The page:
Friday, January 13, 2023

Musical Chairs in Richardson Politics

As of yesterday morning, the City of Richardson had seven City Council members up for re-election, none with any opposition. Snooze. By nightfall, we had the mayor's seat open up and up to three individual seats that all just might see new occupants when the electoral game of musical chairs is over and done with.

The game of musical chairs started when Mayor Paul Voelker made the surprise announcement that he would not seek re-election. I say surprise, but his thinking for months suggested this is the decision he might make. He's said his private business responsibilities are making more demands on his time. He's also said that he didn't look forward to being a lame duck, which because of Richardson's term limits he would be during the next term if he got re-elected. It's easy to understand that he wouldn't look forward to trying to govern by consensus for the next two years with one, two, maybe three council members jockeying to replace him in 2025. His decision might be in the best interests of himself and the City. I thank him for his service and wish him well in his future endeavors.

With the mayor stepping down, speculation turns to who might try to replace him. Rumors have suggested that up to three sitting council members have expressed interest. They are, in order of seniority, Bob Dubey (2017), Janet DePuy (2019), and Ken Hutchenrider (2019). DePuy might be seen as having a built-in advantage, as she is currently serving as Mayor Pro Tem, a position that suggests widespread respect and trust among her fellow council members and the community at large. But I wouldn't expect Dubey or Hutchenrider to let that stop their own grab for the brass ring.

Jennifer Justice (2021), Joe Corcoran (2021), and Arefin Shamsul (2021) are considered not to have the seasoning needed for a jump to the mayor's seat, but who knows? Sometimes you have to take the opportunities as they present themselves. Wait and the opportunity might never come again. But none has risen above the others in the freshman class. Each has to be considered a dark horse at best.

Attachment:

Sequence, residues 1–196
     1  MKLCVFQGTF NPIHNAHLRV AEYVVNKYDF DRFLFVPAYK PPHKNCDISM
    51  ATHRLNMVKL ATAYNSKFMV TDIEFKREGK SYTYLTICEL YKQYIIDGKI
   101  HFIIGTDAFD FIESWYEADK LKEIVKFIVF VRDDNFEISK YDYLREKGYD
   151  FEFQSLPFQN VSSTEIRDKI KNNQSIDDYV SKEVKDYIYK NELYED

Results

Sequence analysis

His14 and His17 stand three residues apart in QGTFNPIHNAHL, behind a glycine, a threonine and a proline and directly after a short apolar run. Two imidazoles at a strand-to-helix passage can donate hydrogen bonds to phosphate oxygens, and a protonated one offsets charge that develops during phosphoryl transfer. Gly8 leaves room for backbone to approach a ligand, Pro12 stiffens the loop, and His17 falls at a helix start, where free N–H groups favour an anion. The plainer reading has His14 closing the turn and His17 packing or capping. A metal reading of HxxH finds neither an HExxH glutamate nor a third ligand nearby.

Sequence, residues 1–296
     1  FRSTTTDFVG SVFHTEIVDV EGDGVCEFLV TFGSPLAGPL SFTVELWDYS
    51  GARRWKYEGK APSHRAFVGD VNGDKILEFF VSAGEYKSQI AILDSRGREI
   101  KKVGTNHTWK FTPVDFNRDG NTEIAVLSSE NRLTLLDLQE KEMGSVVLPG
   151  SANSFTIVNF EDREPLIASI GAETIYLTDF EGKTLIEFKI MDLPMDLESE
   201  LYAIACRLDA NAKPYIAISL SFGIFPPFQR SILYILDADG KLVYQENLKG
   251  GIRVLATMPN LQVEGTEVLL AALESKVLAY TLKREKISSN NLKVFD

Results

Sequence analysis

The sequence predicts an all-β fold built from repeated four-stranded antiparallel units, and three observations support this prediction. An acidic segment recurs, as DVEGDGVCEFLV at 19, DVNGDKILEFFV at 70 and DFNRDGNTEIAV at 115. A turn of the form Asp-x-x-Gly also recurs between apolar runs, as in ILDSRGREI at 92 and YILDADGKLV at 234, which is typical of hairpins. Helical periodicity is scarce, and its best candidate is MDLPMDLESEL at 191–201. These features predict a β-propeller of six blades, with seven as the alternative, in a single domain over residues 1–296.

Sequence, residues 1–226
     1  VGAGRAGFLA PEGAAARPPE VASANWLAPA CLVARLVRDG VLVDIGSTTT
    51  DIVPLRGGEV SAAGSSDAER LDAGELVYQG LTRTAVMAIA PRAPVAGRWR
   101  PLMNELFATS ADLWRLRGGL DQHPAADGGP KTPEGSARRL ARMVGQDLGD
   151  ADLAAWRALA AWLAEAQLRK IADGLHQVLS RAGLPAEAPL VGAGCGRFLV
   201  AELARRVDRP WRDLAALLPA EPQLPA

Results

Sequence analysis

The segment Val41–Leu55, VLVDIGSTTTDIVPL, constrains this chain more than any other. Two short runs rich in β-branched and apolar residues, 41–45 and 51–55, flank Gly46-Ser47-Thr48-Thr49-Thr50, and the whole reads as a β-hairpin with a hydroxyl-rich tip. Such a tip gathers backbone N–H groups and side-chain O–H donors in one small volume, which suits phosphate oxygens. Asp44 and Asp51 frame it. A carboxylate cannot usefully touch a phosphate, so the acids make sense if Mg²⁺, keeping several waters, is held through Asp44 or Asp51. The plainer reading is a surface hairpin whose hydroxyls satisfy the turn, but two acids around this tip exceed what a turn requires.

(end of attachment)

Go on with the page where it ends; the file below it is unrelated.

In all these cases, candidates will have to make an important decision in a very short time. The deadline for filing is February 17.

A factor they need to consider is that deciding *not* to run for mayor wouldn't save these politicians from facing opposition for re-election to their current seat. There are people in the community who might want to run themselves, but who are waiting for a place to come open, not wanting to challenge an incumbent. Incumbents just don't lose (often). If, say, Bob Dubey is considering a run for mayor, that opens his Place 1 seat for a new person to fill. Once an outsider files for Place 1, Bob Dubey will face an opponent even if he decides not to run for mayor, especially if he procrastinates in making a decision. Likewise for Place 3 (DePuy) and Place 5 (Ken Hutchenrider).

The most interesting outcome would be if three sitting council persons file to run for mayor. Add an outsider or two and things get really interesting. Only one person can win. Sitting City Council members who run for mayor and lose would be off the City Council. That could bring new blood to perhaps three seats on City Council. There's a lot of political calculus being figured today in Richardson. Thinking fast is necessary, both for the sitting council members and for anyone who might be inclined to step up and serve themselves. Opportunity waits for no one.

Choice is good for voters and the City of Richardson as a whole community. It's the voters who will decide who is in each chair when the music stops.

1 comment:

Mark Steger said...

Bob Dubey is out the gate early with this notice: "Bob Dubey for Mayor".